By Sonny Atumah
The heat from the United States is on and many wondered why Turkey is becoming the victim. Although it is not a significant producer or consumer of oil, it is naturally well located in the geopolitical equation. Turkey in southeastern Europe and Southwest Asia is bordered by Greece, the Black Sea, Georgia, Armenia, Iran, Iraq, Syria, the Mediterranean Sea, the Aegean Sea, and Bulgaria.
The American-Turkish relation is a complicated one. Since 1952, Turkey has been a member of the North Atlantic Treaty Organisation, NATO and has aimed to be a full member of the EU since the 1960s. NATO, led by America was formed in 1949 as an international military alliance to promote mutual defence and collective security during the Cold War. All that strategic alliance seemed to have changed since 2011.
Turkey, among other issues may be serving out a punitive measure for not abandoning Iranian oil as the United States revoked the Iran Nuclear deal of 2015. The Iranian sanctions imposed by the United States are part of the issues in the conflict with Turkey.
It is not certain whether Turkey will comply with the United States demand that it should cut down oil imports from Iran. Turkey imported an average of 176,000 barrels a day of Iranian oil in the last six months. Supreme excellence they say consists of breaking the enemy’s resistance without fighting.
Is that what the United States is employing to break down its perceived number one enemy? The Donald Trump administration has imposed crippling economic sanctions on Iran. In October 2017, Trump decertified the Iranian Nuclear Accord or Nuclear Deal entered into in 2015.
Negotiations between Iran and the American led coalition of the Permanent members of the Security Council P5 +1 (the US, UK, Russia, France and China plus Germany) led to the Joint Comprehensive Plan of Action, JCPOA otherwise known as the Iranian Nuclear Accord or Deal. The deal limited Iran’s capacity to civilian nuclear programme for power and medical purposes. The United States was empowered to watch over Iran with the US President required to certify that Iran complied with the agreement every 90 days. It was to be subjected to regular checks by international inspectors to ensure no perverse activities took place.
The United States has not been comfortable with Iran which it accused of not complying with the JCPOA. It alleged that tens of billions of dollars of windfall from the lifted sanctions had been used to expand the country’s reach in the Middle East region, and also further its role as the world’s leading state sponsor of terrorism.
Funds released to Iran from blocked reserves during the pre- nuclear deal had been allegedly used for military expansion and international armed conflicts; supporting President Bashar Al Asad of Syria, “Houthi” rebels in Yemen, Shiite militia forces in Iraq, and Lebanese Hezbollah as well as Shi’ite insurgents opposing American allies in Bahrain and Saudi Arabia. The imposition of full economic sanctions on Iran would block access to international trade and finance including billions of dollars in oil revenue and assets.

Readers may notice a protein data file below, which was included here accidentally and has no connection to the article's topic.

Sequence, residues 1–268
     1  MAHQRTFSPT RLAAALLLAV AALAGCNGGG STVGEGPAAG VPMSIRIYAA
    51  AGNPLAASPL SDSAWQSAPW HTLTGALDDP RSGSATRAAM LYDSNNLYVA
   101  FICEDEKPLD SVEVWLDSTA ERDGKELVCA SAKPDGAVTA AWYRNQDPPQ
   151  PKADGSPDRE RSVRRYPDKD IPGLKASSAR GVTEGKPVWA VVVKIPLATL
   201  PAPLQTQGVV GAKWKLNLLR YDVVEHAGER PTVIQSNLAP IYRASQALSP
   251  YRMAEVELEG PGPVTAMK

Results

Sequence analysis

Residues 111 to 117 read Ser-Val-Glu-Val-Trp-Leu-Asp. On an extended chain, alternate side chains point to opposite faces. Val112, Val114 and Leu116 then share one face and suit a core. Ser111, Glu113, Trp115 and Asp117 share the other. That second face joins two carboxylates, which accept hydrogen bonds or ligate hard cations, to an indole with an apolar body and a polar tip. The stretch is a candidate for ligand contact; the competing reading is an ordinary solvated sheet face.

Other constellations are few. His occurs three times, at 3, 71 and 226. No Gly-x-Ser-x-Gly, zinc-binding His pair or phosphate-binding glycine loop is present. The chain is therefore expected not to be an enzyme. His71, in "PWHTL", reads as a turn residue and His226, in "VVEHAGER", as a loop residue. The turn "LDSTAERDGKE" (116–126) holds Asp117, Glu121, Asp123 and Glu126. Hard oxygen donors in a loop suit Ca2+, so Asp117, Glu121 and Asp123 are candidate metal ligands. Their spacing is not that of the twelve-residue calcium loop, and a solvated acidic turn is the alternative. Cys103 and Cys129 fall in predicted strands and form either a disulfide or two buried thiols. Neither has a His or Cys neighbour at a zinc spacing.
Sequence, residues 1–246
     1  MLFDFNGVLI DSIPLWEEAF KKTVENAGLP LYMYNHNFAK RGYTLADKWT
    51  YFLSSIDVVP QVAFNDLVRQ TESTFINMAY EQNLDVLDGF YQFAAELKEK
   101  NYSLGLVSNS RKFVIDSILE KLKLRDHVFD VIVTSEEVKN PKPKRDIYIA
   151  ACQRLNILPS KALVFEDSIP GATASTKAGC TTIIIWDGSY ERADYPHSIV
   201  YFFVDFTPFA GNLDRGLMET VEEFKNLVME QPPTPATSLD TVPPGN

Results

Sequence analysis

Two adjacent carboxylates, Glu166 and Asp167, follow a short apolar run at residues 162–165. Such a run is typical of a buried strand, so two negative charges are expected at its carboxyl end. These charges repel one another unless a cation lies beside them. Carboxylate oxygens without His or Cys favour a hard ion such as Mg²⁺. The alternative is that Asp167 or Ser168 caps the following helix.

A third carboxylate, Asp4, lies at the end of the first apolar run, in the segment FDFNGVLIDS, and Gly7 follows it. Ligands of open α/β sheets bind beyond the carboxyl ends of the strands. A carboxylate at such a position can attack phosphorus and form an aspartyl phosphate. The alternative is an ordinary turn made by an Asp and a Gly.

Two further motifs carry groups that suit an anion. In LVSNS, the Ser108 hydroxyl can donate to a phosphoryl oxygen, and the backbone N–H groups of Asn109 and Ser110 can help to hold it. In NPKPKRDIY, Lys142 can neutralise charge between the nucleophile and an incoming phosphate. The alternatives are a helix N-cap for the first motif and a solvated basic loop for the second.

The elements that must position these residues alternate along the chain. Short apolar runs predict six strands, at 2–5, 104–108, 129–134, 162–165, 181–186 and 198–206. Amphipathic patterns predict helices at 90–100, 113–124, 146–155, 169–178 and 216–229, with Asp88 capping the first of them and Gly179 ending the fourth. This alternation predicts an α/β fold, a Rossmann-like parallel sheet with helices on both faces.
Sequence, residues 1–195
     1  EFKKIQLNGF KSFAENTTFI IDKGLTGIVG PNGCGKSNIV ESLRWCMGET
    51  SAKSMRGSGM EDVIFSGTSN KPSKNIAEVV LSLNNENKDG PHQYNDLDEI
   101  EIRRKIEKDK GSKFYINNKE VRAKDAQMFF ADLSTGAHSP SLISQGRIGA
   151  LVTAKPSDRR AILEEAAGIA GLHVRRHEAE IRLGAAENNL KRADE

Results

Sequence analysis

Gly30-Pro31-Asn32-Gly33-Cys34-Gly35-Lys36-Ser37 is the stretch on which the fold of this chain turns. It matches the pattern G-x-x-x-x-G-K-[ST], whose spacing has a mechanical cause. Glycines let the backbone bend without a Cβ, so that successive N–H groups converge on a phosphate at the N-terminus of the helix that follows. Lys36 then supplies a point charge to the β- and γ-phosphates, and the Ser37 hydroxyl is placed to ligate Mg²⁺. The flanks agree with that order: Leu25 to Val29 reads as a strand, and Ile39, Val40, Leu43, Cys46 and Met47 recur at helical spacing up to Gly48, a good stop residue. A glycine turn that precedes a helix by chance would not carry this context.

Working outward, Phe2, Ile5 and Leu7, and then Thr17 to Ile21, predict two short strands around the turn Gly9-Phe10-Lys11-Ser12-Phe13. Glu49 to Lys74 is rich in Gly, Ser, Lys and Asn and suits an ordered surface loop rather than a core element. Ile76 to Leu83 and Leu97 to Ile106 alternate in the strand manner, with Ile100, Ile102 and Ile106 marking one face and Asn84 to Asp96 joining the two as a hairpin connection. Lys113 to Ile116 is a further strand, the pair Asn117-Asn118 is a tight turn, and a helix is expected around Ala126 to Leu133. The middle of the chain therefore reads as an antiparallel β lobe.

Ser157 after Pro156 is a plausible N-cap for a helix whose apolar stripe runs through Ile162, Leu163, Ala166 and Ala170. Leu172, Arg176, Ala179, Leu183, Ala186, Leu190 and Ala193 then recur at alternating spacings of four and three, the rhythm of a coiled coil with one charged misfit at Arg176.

The American imposed economic sanctions took effect on August 6; oil and transactions with the central bank of Iran to come into effect on November 6, 2018. It is however, not certain whether all signatories to the JCPOA would go with America. Some governments believe that Iran is fully complying with the terms of the 2015 nuclear deal.
This position which is equally not bankable has encouraged the Iranian President Hassan Rouhani and his Foreign Minister, Javad Zarif, to make diplomatic shuttles to Europe for firm crude commitments from leaders. The Trump administrations road shows to Europe and the Middle East have also intensified to garner support for firm economic sanctions. Failure on the part of the United States to bring Iran now a wild card to abandon its political sins may be disastrous for the Trump administration.
At present Iran exports about 1 million barrels of oil per day to Europe, and nearly 2 million barrels to China, India, South Korea and Japan. Although many European countries are skeptical about the sanctions by America, some have cut down crude oil imports from Iran. It is however, not certain the extent Asian countries especially China and India would comply with the sanctions. Companies that invested in Iran are being pressured to severe business links before incurring penalties.
French energy giant Total, has considered divesting from its US$47 million Iran’s South Pars gas field under the threat of U.S. sanctions. How to make up for the crude that would go offline in November when the American imposed sanctions commence is what the world would contend with.
West Texas Intermediate crude for October delivery has moved up to US$68.87. If OPEC and the United States cannot make up for lost inventory from the American imposed sanctions, it is a danger signal that would weigh on global crude supply.